United States District Court, D. New Jersey, Camden Vicinage
ORDER [DKT. NO. 1]
RENÉE MARIE BUMB, UNITED STATES DISTRICT JUDGE
matter comes before the Court upon Plaintiff Aaron Anthony
Gray's filing of a pro se Complaint [Dkt. No. 1]
against Michael J. Hagner, Robert W. Bell, Lori Batten,
Kaitlyn Compari, Cory Ferguson, Camden County Corrections,
the Voorhees Township Police Department, the Municipality of
Voorhees, the State of New Jersey, the Camden County
Prosecutor's Office, and McDonald's (collectively,
“Defendants”). In the pro se Complaint,
Plaintiff attempts to assert causes of action under 42 U.S.C.
§ 1983, alleging that Defendants deprived him of his
constitutional rights through false arrest and imprisonment
and malicious prosecution. Along with his Complaint,
Plaintiff filed an application for permission to proceed
in forma pauperis (“IFP”)[Dkt. No. 1-1].
reasons set forth herein, Plaintiff's IFP Application
will be GRANTED, and the Court will order
the Clerk of the Court to open this matter and file the
pro se Complaint on the docket. However, because
Plaintiff is proceeding IFP, the Court is required to screen
his Complaint for sua sponte dismissal and finds
that it should be DISMISSED WITHOUT
non-prisoner files an IFP Application, seeking permission to
file a civil complaint without the prepayment of fees, under
28 U.S.C. § 1915, the applicant is required to submit an
affidavit that sets forth his or her assets and attests to
the applicant's inability to pay the requisite fees.
See 28 U.S.C. § 1915(a); Roy v. Penn.
Nat'l Ins. Co., 2014 WL 4104979, at *1 n.1 (D.N.J.
Aug. 19, 2014) (internal citations omitted). The decision
whether to grant or to deny the application should be based
upon the economic eligibility of the applicant, as
demonstrated by the affidavit. See Sinwell v. Shapp,
536 F.2d 15, 19 (3d Cir. 1976). Upon review, the Court finds
that Plaintiff has established that he lacks the financial
ability to pay the filing fee. Accordingly, the Court will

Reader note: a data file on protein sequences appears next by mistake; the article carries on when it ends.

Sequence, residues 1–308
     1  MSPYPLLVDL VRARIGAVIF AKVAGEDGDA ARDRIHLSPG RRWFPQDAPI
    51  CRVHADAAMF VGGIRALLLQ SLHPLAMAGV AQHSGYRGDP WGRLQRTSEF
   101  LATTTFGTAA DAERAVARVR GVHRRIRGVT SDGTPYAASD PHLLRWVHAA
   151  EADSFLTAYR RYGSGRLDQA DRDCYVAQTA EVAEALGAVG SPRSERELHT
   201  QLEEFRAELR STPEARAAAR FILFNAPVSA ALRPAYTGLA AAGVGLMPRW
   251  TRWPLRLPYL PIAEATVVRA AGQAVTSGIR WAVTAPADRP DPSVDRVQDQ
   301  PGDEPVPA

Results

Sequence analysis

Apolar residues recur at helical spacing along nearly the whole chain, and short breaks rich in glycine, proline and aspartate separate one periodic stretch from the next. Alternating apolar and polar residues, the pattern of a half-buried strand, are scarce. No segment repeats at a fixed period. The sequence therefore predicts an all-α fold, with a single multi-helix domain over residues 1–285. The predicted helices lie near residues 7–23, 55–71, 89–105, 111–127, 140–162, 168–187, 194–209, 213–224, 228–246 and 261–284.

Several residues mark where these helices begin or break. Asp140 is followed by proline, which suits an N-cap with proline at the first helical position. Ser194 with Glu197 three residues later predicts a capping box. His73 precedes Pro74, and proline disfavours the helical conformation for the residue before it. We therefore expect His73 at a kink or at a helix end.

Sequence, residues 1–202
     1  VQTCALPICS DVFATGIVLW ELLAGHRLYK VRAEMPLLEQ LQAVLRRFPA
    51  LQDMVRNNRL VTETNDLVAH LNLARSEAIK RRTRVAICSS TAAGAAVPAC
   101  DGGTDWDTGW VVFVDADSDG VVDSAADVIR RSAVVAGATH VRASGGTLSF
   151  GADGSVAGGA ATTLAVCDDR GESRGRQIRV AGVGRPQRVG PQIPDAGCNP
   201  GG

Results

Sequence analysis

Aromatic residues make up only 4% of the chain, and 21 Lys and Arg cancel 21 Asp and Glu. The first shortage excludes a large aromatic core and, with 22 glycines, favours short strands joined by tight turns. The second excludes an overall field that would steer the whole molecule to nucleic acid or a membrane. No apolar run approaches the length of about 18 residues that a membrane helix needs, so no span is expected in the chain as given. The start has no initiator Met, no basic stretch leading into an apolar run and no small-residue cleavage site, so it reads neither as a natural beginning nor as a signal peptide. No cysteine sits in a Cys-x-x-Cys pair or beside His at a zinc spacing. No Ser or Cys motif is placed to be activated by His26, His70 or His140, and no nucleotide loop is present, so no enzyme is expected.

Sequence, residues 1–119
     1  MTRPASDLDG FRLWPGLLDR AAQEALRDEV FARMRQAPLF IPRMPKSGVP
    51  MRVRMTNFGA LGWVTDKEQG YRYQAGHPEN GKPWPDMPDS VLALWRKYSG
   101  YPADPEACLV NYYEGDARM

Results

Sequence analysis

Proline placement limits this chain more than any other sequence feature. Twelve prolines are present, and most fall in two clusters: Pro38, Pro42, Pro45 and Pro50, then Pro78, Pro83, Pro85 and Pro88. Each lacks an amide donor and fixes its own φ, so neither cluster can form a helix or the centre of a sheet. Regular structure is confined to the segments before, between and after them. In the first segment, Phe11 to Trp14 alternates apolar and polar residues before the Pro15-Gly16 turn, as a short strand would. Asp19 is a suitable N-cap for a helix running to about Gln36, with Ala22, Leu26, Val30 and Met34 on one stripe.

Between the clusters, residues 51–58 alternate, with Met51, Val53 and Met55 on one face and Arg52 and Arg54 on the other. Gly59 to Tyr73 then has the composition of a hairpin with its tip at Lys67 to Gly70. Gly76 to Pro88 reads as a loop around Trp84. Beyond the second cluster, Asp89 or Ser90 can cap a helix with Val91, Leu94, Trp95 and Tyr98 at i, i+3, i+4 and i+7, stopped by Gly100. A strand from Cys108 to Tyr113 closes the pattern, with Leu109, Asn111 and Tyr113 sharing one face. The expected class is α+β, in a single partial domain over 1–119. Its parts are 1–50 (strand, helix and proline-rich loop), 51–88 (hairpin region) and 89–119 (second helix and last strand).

grant Plaintiff's IFP Application.
LEGAL STANDARD FOR SUA SPONTE DISMISSAL
IFP Application has been granted, the Court is required to
screen the Complaint and dismiss the action sua
sponte “if, among other things, the action is
frivolous or malicious, or if it fails to comply with the
proper pleading standards.” See 28 U.S.C.
§ 1915(e)(2)(B)(i)-(iii); Ball v. Famiglio, 726
F.3d 448, 452 (3d Cir. 2013). Indeed, the Court must dismiss
any claim, prior to service, that fails to state a claim
under which relief may be granted under Fed.R.Civ.P. 12(b)(6)
and/or dismiss any defendant who is immune from suit. See 28
U.S.C. §§ 1915(e)(2)(B), 1915A(b), and 42 U.S.C.
Rule of Civil Procedure 8(a) requires that a complaint
(1) [A] short and plain statement of the grounds for the
court's jurisdiction, unless the court already has
jurisdiction and the claim needs no new jurisdictional
(2) [A] short and plain statement of the claim showing that
the pleader is entitled to relief; and
(3) [A] demand for the relief sought, which may include
relief in the alternative or different types of relief.
survive sua sponte screening for failure to state a
claim, a complaint must allege “sufficient factual
matter” to show that the claim is facially plausible.
Fowler v. UPMS Shadyside, 578 F.3d 203, 210 (3d Cir.
2009) (citation omitted). “A claim has facial
plausibility when the plaintiff pleads factual content that
allows the court to draw the reasonable inference that the
defendant is liable for the misconduct alleged.”
Fair Wind Sailing, Inc. v. Dempster, 764 F.3d 303,
308 n.3 (3d Cir. 2014). “[A] pleading that offers
‘labels or conclusions' or ‘a formulaic
recitation of the elements of a cause of action will not
do.'” Ashcroft v. Iqbal, 556 U.S. 662, 678
(2009) (quoting Bell Atlantic Corp. v. Twombly, 550
U.S. 544, 555 (2007)). In screening a complaint to verify
whether it meets these standards, however, this Court is
mindful of the requirement that pro se pleadings must be
construed liberally in favor of the plaintiff. Haines v.
Kerner, 404 U.S. 519, 520- 21(1972).
complaint is frivolous if it “lacks an arguable basis
either in law or in fact.” Neitzke v.
Williams, 490 U.S. 319, 325 (1989) (interpreting the
predecessor of § 1915(e)(2), the former § 1915(d)).
The standard for evaluating whether a complaint is
“frivolous” is an objective one. Deutsch v.
United States, 67 F.3d 1080, 1086-87 (3d Cir.1995). A
determination of “maliciousness” requires a
subjective inquiry into the litigant's motivations at the
time of the filing of the lawsuit to determine whether the
action is an attempt to vex, injure, or harass the defendant.
Id. at 1086. Examples of malicious claims can
include those that “duplicate ... allegations of
another ...federal lawsuit by the same plaintiff.”
Pittman v. Moore, 980 F.2d 994, 995 (5th Cir. 1993).